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John Travolta Looking Towards Vince Lombardi Biopic

John Travolta John Woo Robert De Niro

John Travolta has been talking of some ideas for future projects at the opening of the Zurich Film Festival and they include a potential reunion with Face/Off director John Woo.

“I’m also considering doing a US film about the football coach Vince Lombardi, who coached my dad [Salvatore Travolta] before he went professional,” Travolta said. “I would play Vince Lombardi.” Legendary coach Lombardi is best known as the head coach of the Green Bay Packers during the 1960s when he led them to three straight league championships and the first two Super Bowls. The Super Bowl trophy is named in his honour. He’s also “entertaining the possibility of doing” a remake of the John Woo film The Killer. The 1989 action film - which starred Chow Yun Fat - is to be produced by Woo. It looks like despite Travolta’s age, his appetite for films isn’t letting up just yet. As well as big talk surrounding his future endevours, the action thriller Killing Season, in which he stars alongside Robert De Niro is in post production and set for a 2013 release. Set in the remote Smoky Mountain wilderness, the film sees two veterans of the Bosnian War, one American, one Serbian, come to blows.

It wasn’t long ago that the Pulp Fiction actor was ready to pack it in: "I lost my son a few years ago and I had been having quite a time of that and after three years getting a lot of support from my church and a lot of support from people, fans, family I decided that it was OK to go back to work because I'd even thought of retiring at one point because it felt like too much," he told BBC Breakfast.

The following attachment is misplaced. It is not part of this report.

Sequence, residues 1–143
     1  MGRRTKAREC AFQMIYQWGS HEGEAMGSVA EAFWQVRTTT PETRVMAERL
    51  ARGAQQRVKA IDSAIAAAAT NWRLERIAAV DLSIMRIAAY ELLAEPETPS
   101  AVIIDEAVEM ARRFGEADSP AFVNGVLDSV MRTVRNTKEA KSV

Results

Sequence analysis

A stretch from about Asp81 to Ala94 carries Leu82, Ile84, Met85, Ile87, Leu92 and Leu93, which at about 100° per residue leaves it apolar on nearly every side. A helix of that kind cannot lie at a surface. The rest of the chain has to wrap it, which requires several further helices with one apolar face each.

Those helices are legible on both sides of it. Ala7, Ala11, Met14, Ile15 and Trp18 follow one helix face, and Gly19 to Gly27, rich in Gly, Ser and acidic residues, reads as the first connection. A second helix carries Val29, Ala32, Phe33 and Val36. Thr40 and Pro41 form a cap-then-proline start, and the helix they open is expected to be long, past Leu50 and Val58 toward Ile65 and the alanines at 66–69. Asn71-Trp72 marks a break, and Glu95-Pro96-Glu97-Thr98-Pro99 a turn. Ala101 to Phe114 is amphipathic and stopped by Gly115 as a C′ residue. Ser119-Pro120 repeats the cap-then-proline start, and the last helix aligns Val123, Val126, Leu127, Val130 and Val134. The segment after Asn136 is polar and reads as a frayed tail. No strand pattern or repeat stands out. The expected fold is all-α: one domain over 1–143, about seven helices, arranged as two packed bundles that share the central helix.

Blood Brothers Review

John Woo turns up as a producer of Blood Brothers, and it's not too surprising since the film is a reimagining of an earlier Woo effort, Bullet in the Head, which has a similar setup and plot points. Both films track the adventures of three friends from the boonies who seek to make it in the big and dangerous outside world but get much more excitement than they bargained for.

While Bullet in the Head is set in Vietnam during the war, Blood Brothers takes us back to the glamorous nightclubs of Shanghai in the '30s. Feng (Daniel Wu), Kang (Liu Ye), and Kang's brother Hu (Tony Yang) decide to leave their poor village and venture into town to see what they can make of themselves. It's rough going at first, with the guys taking on menial and humiliating jobs such as rickshaw pulling, but Hu lucks out by landing work as a waiter at the gorgeous Paradise Club, where all of haute Shanghai comes to party and to pay homage to the crime bosses who run it. The star of the show: Lulu (Shi Qi), who's the plaything of the big boss but is secretly in love with Mark (Chang Chen), one of his bodyguards.

Continue reading: Blood Brothers Review

Photocall To Promote The Movie 'Red Cliff' At W Hotel

Chang Chen, Tony Leung, John Woo, Kaneshiro Takeshi and Lin Chi-ling - Chang Chen, Tony Leung, John Woo, Kaneshiro Takeshi and Lin Chi-Ling Seoul, South Korea - Photocall to promote the movie 'Red Cliff' at W Hotel Wednesday 25th June 2008

Chang Chen, Tony Leung, John Woo, Kaneshiro Takeshi and Lin Chi-Ling